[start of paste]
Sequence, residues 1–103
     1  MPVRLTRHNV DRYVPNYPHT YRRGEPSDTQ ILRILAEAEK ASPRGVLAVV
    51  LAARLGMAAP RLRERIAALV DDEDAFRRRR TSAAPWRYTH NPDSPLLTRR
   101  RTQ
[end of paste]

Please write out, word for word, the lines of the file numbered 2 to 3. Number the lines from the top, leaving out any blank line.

     1  MPVRLTRHNV DRYVPNYPHT YRRGEPSDTQ ILRILAEAEK ASPRGVLAVV
    51  LAARLGMAAP RLRERIAALV DDEDAFRRRR TSAAPWRYTH NPDSPLLTRR